When I told you before that I recommended reading Sheepish by Catherine Friend, it was because I think it’s a laugh-out-loud memoir about life on a sheep farm. But that wasn’t all that I liked about it. I also liked the information it provided about sheep and wool. Among other things, I learned that I’m probably not allergic to wool.
Mistakes and Myths of Wool Allergies
When you tell the average person to picture themselves wearing a wool sweater, there’s a good chance that the image that comes to mind is one of a stuffy childhood nightmare pulling at a non-stop itchy collar on one of those ugly holiday sweaters. Many people have had this experience or another bad experience with an itchy wool sweater and they mistakenly believe that it was itchy because they have an allergy to wool. What I learned from Friend’s book, Sheepish, is that this is unlikely.
Wool allergies do exist. Some people do have them. However, in most cases it’s really just a sensitivity to the wool’s structure, not an actual allergy, that causes that itchiness. Friend explains:
“A wool fiber is made of up overlapping scales. Imagine clay pots stacked inside each other, and you’ll have the structure of a strand of wool. Some of us with sensitive skin can feel the sharp edges of those “pots”, or scales”.
Friend goes on to explain that the size of a wool’s scales varies. She says:
“A strand of wool is measured in microns – the lower the number, the finer the strand – and microns range from seventeen up to forty. The finer the strand, the less likely we are to feel those edges, because they are so small. That’s why baby blankets and soft-drapey sweaters are made from the wool of Merino sheep, or from alpacas, because that fleece has a lower micron count”.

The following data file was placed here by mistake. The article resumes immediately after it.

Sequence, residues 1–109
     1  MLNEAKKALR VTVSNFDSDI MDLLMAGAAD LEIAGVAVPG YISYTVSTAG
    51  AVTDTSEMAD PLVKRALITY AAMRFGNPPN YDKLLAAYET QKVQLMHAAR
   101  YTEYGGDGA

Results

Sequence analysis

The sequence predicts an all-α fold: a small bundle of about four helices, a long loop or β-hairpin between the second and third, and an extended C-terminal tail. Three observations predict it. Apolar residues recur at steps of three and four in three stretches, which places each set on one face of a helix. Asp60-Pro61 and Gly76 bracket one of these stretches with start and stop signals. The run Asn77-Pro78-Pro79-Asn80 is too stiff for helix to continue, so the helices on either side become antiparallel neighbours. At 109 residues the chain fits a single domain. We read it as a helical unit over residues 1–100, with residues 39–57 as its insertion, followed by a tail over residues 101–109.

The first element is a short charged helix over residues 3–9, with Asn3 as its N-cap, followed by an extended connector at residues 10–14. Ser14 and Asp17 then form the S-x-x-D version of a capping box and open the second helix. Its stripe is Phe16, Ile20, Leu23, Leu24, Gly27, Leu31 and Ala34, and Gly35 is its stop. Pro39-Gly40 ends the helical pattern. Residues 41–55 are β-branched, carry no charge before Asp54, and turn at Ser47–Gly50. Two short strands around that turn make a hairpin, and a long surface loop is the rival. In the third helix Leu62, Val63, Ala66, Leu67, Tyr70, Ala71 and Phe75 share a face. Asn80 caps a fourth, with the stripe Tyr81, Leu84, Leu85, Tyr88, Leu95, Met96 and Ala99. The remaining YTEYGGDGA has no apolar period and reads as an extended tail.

So, are you allergic to wool? Possibly. But there’s a good chance that the itchiness you feel from wool is just the scales of the wool fiber and if you use a finer type of wool then you won’t feel that itch.
Some Other Little Wool Facts
A handful of other things that I learned about wool from Friend’s book include:
- Colored sheep wool takes dye far differently than pure white sheep wool.
- Wool is crazy durable. Friend reports on research that sows “wool fibers can be bent back on themselves more than twenty thousands times without breaking” in contrast to cotton which breaks after less than four thousands bends.
- There are 220 yards of wool in one baseball. And it’s that wool that gives the baseball its bounce. Who knew?!
- Merino sheep have lots of fiber. “If you joined the fiber of five Merino sheep end to end, you could wrap a thread of wool around the world.”
- Wool has been used to clean up oil spills, insulate houses, pad ballet toe shoes and keep military members warm but safe because of the fiber’s natural fire-retardant properties. Those are just a few of the ways wool can be used other than to make a great crochet or knit sweater!
What’s your favorite wool yarn to work with?